Monthly Archives: December 2017

He’s Got Mail


Marched from jail for the last time, illustration by Howard Pyle published in Dulcibel: A Tale of Old Salem, circa 1907For months, I have been urging readers to have faith in Robert Mueller and his team as they pursue the truth about Russian interference in the 2016 election (documented) and possible, treasonous collaboration by the Trump campaign in this effort (growing evidence).  Yet, Donald Trump, his lawyer and his surrogates continue to accuse the special prosecutor’s office of being on a “witch hunt.”

In the counter-intuitive world of Deprogramming101, we like to give credit where credit is due (i.e. Senator Richard Shelby contributing to Doug Jones victory in Alabama).  So let’s, for argument sake, stipulate “witch hunt” is the correct analogy for the current investigation into electoral malfeasance.  This requires that we actually examine what happened in Salem, Massachusetts in 1692.

According to, “More than 200 people were accused of practicing witchcraft and 20 were killed during the hysteria.”  Of more importance, in terms of the Mueller investigation, are the options offered to the accused once charged with practicing the dark science.  Among them, again according to

… a confession was the single best way for the court to gain a conviction and an execution for charges of witchcraft. The irony is that none of the accused Salem witches who confessed were convicted or executed but all 19 people who refused to confess were found guilty and executed.

How did Salem prosecutors procure these confessions?  They would present suspects with “spectral evidence,” the appearance of accused’s shape or spirit in multiple locations, or incidents of physical afflictions–vomiting and muscle spasms–suffered by “bewitched” Salem residents (actually caused by fungus ergot in grains such as rye and wheat).  Suspected witches were asked to explain these evil feats.  Those who denied the “evidence” were found guilty and in some cases executed.  Those who pleaded guilty were spared.

Which brings us back to Mueller’s access to Trump transition emails, first reported by Axios correspondent Mike Allen on Saturday morning.  While this evidence in the Trump/Russian investigation is hardly fabricated, it is likely being used in a similar mode as that in the Salem witch trials.   Just imagine the interviews with members of the Trump inner circle such as Reince Priebus (October 13), Sean Spicer (October 17), Jared Kushner (November) and Hope Hicks (December).  During their interrogations, each, presented with specific emails, was probably asked, “Did you send or receive these emails?  And if so, how do you explain them?”  Like Michael Flynn and George Papadopoulos, confessing and an attendant plea deal leads to a slap on the wrist, or at worse, fines and minimal jail sentences.  Those who do not cooperate face further prosecution and possibly decades, if not a lifetime, of imprisonment.

In other words, it is not the prosecution which has the most to lose from a comparison to the Salem witch trials, but the accused who have the most to gain.  With one major exception.  They may actually be guilty of the crimes for which they are charged.  And confession not only spares them harsh punishment but actually helps Mueller and this team uncover the truth.


On Saturday, Politico reported Kory Langhofer, representing Trump for America, sent a seven-page letter to the House and Senate oversight committees charging Mueller with “unlawfully obtaining tens of thousands of private emails during its investigation into Russian meddling in last year’s president election.”  Once you stop laughing at the very idea of the people who urged Russians and WikiLeaks to share hacked emails using the term “unlawful,” you must ask whether there is any merit in this accusation.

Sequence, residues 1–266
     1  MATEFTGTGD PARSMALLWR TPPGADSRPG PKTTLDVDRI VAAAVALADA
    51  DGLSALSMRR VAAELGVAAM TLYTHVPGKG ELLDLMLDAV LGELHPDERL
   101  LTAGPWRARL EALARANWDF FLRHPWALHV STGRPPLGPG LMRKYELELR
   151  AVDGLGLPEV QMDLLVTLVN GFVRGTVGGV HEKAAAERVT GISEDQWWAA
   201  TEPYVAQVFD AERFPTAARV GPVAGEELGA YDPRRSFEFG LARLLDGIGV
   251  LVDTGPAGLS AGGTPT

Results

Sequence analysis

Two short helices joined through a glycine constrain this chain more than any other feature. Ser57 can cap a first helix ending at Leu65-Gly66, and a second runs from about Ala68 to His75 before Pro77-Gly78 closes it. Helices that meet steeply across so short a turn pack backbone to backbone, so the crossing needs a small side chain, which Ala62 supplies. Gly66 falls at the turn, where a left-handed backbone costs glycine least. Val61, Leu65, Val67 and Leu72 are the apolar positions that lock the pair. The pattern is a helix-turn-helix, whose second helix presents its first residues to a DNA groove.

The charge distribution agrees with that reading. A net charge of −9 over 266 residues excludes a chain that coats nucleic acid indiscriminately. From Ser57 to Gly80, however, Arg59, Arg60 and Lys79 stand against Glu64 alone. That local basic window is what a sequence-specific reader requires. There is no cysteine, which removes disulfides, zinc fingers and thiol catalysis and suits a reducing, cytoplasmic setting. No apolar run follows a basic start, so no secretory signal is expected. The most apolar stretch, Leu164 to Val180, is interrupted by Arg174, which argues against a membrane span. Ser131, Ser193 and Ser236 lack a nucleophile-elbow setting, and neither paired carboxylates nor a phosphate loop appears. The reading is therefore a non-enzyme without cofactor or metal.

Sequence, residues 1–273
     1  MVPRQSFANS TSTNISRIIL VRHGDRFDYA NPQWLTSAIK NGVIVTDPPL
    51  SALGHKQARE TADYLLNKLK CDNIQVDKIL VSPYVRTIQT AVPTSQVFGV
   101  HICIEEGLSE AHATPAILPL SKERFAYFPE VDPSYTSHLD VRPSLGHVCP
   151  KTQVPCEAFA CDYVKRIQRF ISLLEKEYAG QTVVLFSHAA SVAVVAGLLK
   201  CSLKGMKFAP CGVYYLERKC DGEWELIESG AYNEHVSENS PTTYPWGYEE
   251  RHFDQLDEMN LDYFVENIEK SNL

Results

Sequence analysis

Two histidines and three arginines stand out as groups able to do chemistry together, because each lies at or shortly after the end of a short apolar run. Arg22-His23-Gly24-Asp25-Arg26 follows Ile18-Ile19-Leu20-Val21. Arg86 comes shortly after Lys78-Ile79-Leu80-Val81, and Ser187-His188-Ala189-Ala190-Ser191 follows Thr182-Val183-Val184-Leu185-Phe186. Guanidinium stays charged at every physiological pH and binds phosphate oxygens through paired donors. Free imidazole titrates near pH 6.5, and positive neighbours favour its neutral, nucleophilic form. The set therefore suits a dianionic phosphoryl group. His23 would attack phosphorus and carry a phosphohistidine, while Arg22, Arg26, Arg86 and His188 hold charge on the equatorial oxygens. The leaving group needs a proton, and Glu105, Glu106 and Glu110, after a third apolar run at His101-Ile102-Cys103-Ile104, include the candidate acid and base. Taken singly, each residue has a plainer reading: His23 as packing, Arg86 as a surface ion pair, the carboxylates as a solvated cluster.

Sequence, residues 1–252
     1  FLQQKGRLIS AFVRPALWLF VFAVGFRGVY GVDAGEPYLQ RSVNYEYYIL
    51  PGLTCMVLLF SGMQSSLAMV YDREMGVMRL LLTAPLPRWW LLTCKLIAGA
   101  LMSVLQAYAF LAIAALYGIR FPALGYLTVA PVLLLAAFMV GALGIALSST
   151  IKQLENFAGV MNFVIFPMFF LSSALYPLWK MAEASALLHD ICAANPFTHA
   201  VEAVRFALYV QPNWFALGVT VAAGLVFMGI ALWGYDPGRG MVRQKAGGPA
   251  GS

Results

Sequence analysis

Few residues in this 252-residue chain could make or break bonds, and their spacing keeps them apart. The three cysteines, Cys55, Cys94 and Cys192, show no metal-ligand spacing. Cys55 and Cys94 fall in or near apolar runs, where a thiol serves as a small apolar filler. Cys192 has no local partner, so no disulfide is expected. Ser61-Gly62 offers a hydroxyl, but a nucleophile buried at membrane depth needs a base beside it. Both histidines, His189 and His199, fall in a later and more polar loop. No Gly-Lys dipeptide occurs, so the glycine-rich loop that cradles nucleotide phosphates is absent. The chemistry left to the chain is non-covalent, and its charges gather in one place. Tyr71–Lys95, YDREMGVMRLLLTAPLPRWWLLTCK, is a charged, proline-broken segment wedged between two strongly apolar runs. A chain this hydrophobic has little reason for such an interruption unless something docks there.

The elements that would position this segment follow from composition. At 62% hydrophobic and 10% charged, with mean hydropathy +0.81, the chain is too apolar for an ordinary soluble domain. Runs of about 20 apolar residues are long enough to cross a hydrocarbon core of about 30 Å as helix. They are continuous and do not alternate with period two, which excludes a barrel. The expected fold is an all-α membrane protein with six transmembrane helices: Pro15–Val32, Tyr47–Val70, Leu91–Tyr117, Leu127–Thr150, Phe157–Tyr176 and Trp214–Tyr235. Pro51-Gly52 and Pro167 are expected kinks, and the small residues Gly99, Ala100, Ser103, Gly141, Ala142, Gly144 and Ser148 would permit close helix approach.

Fortunately, several legal experts have already provided a strong clue this action is just one more case of Trump team obfuscation and misdirection.  If Trump’s legal advisors truly believed Mueller had acted improperly, their most effective course of action would have been to petition a judge for an injunction, prohibiting Muller from using the emails as evidence in his investigation.  They did not.  In other words, their choice of going to Congress is about building a political case against Mueller, not a legal one.

Late Saturday night, Peter Carr, a spokesman for Mueller’s office, issued the following statement.

When we have obtained emails in the course of our ongoing criminal investigation, we have secured either the account owner’s consent or appropriate criminal process.

You don’t have to be Sherlock Holmes to realize what Carr is communicating through this statement.  Both Michael Flynn and George Papadopoulos have copped a guilty plea on at least one charge in return for their full cooperation.  Both were involved in the transition.  One as the future national security advisor and the other as the most powerful “coffee gofer” in political history.  You can bet the farm both gave written permission for Mueller to access their email accounts which includes both digital correspondence they sent and those they received from the likes of Jared Kushner, Donald Junior and possibly even Mike Pence who headed the transition.  Furthermore,  “appropriate criminal process” implies investigators obtained warrants which further undercuts charges in the Langhofer correspondence to Congress.

One last point.  The acting administrator of GSA at the time Mueller obtained the emails was Tim Horne, who was appointed to that position on January 20, 2017 by none other than Donald J. Trump.  This is significant for two reasons.  First, Horne would have had to sign off on the transfer of agency materials to the special prosecutor.  Therefore, blaming “deep state” operatives has no validity.  Second, and more importantly, it is clear Trump’s legal team was caught off-guard by the Axios story.  This means Horne did not report Mueller’s request for or the surrender of emails to the White House.  Either the court order forbid the agency from doing so, or Horne realized tipping off Trump or his legal team might result in his own legal jeopardy.